It’s… been a while, I’m afraid. Life got busy. But I never actually forgot about this story, it’s been at the top of my drafts list for months.
Today: A charm, a clue, and a complete surprise for Obi-Wan.
When Obi-Wan woke, it was morning, and the shaft of sunlight slanted down from the tiny diamond of window above the door, setting the idly-floating dust in the air aflame with gold. In the bright square that angled across floor and wall, Ben slept undisturbed, intricately tangled in his blanket, the fine golden threads of his hair tangled and his determined face expressionless. Nasriel, who did not toss and turn while asleep, lay curled more tidily in a corner where the near-tangible sunlight had not yet reached, burrowed down under the rough wool blanket so that only her eyes and one half-cupped hand were exposed to scrutiny. Dropping the black stone on its leather cord into her hand, Obi-Wan slipped out into the cool, crisp air of the morning.
It was still quiet, the narrow alleys of the semi-permanent camp still deserted in the slowly goldening gray light of morning. The little H’Vong girl from the night before loitered just outside, wrapped in her dark cloak, idly scratching figures in the dust and humming to herself.
She scrambled to her feet the moment she saw him, and bowed clumsily.
“Master Altis sent me to tell you that Surimaresh came late last night. They’re shut up arguing about something now, but they shouldn’t be long. I can show you the way if you like.”
“You’re very welcome,” the girl replied, her tone wavering between humble respect and the solemn nervousness that often accompanies the playing of a role unnatural to the actor. With no further parley, she scuffed out the figures in the dust and walked away, jerking her head to indicate Obi-Wan should follow her.
Djinn Altis, in his spartan chamber in another of the long narrow buildings, looked rather as if he had not slept. His white hair bore the unmistakable signs of having had fingers combed irritably through it, probably several times, and his humorous face was stern and weary. Opposite him, with his back to the door, sat a man who by his almost impossibly yellow hair, and upright posture, had to be young, in his twenties. It was this man’s voice Obi-Wan heard as he entered.
“…What could I do?” he was asking wretchedly. “How was I to know, Master? Please – I beg you – if I tell him he will kill me. I cannot set this right. Forgive me.”
“It is not my forgiveness you need,” Altis retorted. “You and your damnable secret are safe with me. But I charge you, go to her.”
Standing in the doorway, neither strictly there nor entirely absent, but nonetheless overhearing, Obi-Wan coughed. “Excuse me.”
“Oh. Good morning, Kenobi. Suri, go away. You appall me.”
“What choice did I have?” The young man was begging now. “Master, please.”
“Leave or I will tell him myself!” thundered the white-haired Master, adding as a parting shot, “Wait outside and don’t eavesdrop if you value your life.” The younger man sprang up and backed rapidly out of the room, colliding with Obi-Wan in his haste.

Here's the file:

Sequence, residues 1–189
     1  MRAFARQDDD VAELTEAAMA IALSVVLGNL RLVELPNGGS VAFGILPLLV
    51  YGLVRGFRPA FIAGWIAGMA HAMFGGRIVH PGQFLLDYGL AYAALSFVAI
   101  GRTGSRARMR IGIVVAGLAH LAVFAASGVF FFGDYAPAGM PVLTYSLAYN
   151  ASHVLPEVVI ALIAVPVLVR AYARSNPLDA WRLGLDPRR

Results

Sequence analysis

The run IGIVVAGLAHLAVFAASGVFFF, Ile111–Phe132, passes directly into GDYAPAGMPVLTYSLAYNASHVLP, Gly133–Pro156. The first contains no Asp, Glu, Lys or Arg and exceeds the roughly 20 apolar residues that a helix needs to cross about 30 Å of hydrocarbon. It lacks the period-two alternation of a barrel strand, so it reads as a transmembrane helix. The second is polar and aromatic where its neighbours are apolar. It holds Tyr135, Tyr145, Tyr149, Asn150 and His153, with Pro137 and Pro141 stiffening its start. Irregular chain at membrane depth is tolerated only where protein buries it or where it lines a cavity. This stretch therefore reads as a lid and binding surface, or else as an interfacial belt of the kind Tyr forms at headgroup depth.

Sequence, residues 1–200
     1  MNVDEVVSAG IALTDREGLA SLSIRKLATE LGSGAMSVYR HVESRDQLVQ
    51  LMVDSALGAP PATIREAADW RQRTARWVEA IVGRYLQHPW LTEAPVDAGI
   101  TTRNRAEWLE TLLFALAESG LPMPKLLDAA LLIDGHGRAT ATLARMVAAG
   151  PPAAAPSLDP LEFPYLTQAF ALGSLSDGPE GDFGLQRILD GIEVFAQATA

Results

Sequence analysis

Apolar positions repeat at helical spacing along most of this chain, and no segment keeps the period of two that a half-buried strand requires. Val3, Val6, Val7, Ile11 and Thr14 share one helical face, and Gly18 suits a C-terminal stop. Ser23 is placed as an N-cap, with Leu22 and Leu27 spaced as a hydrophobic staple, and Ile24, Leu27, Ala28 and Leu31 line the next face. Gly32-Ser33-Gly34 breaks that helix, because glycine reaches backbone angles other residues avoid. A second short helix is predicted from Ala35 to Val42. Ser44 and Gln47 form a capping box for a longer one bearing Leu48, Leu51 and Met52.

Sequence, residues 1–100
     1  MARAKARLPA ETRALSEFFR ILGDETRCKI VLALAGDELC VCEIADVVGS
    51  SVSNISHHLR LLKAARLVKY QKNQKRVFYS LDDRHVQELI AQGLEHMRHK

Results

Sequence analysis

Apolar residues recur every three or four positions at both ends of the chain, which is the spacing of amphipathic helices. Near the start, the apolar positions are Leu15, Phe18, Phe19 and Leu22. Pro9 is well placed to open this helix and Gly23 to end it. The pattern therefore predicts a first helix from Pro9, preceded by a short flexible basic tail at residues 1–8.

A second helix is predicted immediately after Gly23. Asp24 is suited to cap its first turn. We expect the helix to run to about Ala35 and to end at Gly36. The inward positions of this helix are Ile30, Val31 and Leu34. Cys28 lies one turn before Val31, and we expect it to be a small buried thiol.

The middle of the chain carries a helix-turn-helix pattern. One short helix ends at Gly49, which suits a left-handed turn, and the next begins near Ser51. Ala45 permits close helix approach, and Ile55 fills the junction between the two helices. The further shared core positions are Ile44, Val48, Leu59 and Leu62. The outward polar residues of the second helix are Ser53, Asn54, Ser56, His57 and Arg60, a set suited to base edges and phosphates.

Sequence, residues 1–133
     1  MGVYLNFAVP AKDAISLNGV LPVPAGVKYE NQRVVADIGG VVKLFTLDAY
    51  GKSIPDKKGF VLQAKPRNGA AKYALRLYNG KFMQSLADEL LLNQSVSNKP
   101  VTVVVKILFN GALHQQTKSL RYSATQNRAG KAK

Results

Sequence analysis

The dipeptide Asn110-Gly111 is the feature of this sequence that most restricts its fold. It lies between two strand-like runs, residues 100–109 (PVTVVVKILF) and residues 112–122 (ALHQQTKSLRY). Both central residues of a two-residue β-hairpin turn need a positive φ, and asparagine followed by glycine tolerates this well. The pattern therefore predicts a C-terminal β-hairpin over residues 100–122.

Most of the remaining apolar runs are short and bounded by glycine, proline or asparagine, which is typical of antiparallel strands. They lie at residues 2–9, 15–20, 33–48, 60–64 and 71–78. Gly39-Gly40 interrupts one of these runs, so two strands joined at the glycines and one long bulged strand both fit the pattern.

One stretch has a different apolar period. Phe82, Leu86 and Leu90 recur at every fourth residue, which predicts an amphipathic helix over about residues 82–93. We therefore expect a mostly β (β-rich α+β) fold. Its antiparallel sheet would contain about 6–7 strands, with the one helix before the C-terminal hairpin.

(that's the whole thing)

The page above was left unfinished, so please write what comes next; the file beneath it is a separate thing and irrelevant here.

Altis turned weary eyes to the Temple Master, his face now bearing the faintest hint of a smile. “Kids. What’s a man to do?”
“I need to talk to Surimaresh,” Obi-Wan reminded him firmly. “You said he knew about the Del Gormo Air lightsaber.”
“I know. I know. Look, close the door. Everything just got very complex on me, blew right out of control.” When the door was tightly shut, he continued, “That’s Suri, the boy outside. He got himself in trouble over a girl, from what I can gather. And now he swears the girl’s brother or cousin or something wants to kill him. It’s a mess. I sent him on the war mission – well, not quite. It was a Council guy. ‘Not really a Temple job’ was how he put it. I have no idea where Suri went or what he did.”
“I’m sorry, who asked you to send one of your followers on a war mission?” Obi-Wan was conscious of a cold tingling feeling creeping over his skin.
Altis shrugged. “Jaan or Doni or something like that. I don’t keep up with who’s not on the Council. Old fellow. Makashi fighter, by his hilt.”
The cold feeling crept faster. “Octavius Yan Dooku?” Dooku was in this? That was it, then. The situation was beyond remedy. Obi-Wan shook his head to clear the dark mist rising before his eyes, and saw Altis smile in satisfaction.
“That was the name. Well, it was the ‘saber you wanted to know about. Suri will tell you anything you want to know – or he’ll have me to answer to. I just wanted you to know why he’s a bit… odd at the moment.”
Dooku. The name rang loud and shocking as an obscenity in the Council Chamber. Obi-Wan opened the door to find the young man sitting on the ground outside, head tilted wearily back to look at the sky, smoking a thin cigarette. When Obi-Wan nodded him inside, he stood up, slowly, and ground out the burning tobacco with a boot heel.
“Fancy seeing you here.” The well-worn phrase sounded not in the least surprised. And then Obi-Wan realized where he had seen him before: at Halm, wandering across the sand dunes in the middle of nowhere. Now, that had been a strange dream if ever there was one. But it was not possible for two people to dream alike, and –
“Got that ‘saber built,” the Balosar man said conversationally, wiping dust off his hands onto his green trousers. Indeed, a gleaming new-looking lightsaber hung from his belt.